Occupy Wall Street: A Crack in the Dam


image from jbnuthatch on flickr

I already wrote once about Occupy Wall Street, and as the movement grows, it’s worth another thought.

It seems that Occupy Wall Street is acting more than anything like a crack in the dam. The dam was constructed of our own self-interest. It was designed to hold back the various criticisms of our economic system while that system was making us wealthy as a nation, and as individuals. While home prices soared and unemployment shrunk, the dam held.

There were always leaks of discontent, but now that the system seems utterly unconcerned with our needs and desires, the dam is beginning to shudder. Occupy Wall Street, with its hazy goals and open invitation, is opening into a major crack, letting a stream of criticisms flow. It is perhaps more than an accident that the best metaphor for this particular movement is disintegrating infrastructure.

“I have two master’s degrees an no job.”

“The government is controlled by corporations.”

“The rich get richer while everyone else gets poorer.”

“Our economic system is hurting people and the planet.”

These are just a few of the critiques that are flowing from the Occupy movement right now. In all the noise there is some true and strong criticism of an economic system that nearly everyone in the world relies upon. We should take care to listen, and to make that system as beneficial to mankind as possible.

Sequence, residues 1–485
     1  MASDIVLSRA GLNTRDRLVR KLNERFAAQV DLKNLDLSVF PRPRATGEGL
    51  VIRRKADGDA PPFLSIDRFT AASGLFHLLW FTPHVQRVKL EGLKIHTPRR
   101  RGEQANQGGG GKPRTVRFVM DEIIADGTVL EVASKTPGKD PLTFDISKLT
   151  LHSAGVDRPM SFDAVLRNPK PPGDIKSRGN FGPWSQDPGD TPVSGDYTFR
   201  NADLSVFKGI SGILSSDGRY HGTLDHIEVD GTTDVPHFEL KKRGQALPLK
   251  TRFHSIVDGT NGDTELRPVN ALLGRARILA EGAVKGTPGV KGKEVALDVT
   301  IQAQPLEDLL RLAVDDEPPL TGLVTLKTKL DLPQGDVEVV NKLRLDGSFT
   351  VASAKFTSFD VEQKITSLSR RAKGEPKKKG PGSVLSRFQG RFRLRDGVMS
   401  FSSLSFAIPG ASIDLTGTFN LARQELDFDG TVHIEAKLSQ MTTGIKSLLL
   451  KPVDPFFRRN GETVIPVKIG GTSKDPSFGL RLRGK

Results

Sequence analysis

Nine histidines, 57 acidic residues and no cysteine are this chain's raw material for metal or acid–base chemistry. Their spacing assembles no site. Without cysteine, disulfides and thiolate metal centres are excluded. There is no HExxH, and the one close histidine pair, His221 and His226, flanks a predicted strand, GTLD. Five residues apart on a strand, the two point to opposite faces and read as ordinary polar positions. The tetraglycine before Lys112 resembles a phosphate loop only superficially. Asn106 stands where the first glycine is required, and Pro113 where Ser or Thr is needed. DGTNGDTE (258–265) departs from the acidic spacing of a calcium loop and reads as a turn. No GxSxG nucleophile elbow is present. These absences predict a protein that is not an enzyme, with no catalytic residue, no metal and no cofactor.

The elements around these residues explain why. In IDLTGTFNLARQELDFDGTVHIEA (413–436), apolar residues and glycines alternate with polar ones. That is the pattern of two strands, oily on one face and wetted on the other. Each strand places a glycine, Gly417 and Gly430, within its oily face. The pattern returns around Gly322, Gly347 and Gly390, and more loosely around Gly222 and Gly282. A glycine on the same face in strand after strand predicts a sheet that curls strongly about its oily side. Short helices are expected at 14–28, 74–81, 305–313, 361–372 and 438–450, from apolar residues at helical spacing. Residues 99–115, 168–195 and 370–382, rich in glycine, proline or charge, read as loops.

If you’re not happy with the criticisms you hear, add your own.

2 Comments

  1. Nod…

    I’m interested to see the extent to which #ows legitimates this discourse of discontent more broadly or if this is just the typical assortment of intellectuals, activists and the historically marginalised saying their talking points more loudly and publicly. Are those who have been muttering about ‘us’ becoming wealthy at the expense of the ‘other’ being joined by ‘us’ or just being watched on the news by ‘us’? I recognised way too many people at Occupy MN to feel it had broken out of the protesting class into a more populist movement.

    1. Good question, Johan. And great to hear from you! How’s SA?

      One thing I’ve noticed is a that, even if the masses aren’t camping out in city parks, they are talking much more often and saliently about issues of disparity and corporatism. The discourse of discontent is certainly spreading due to this movement, even if the visual movement is the same old choir.

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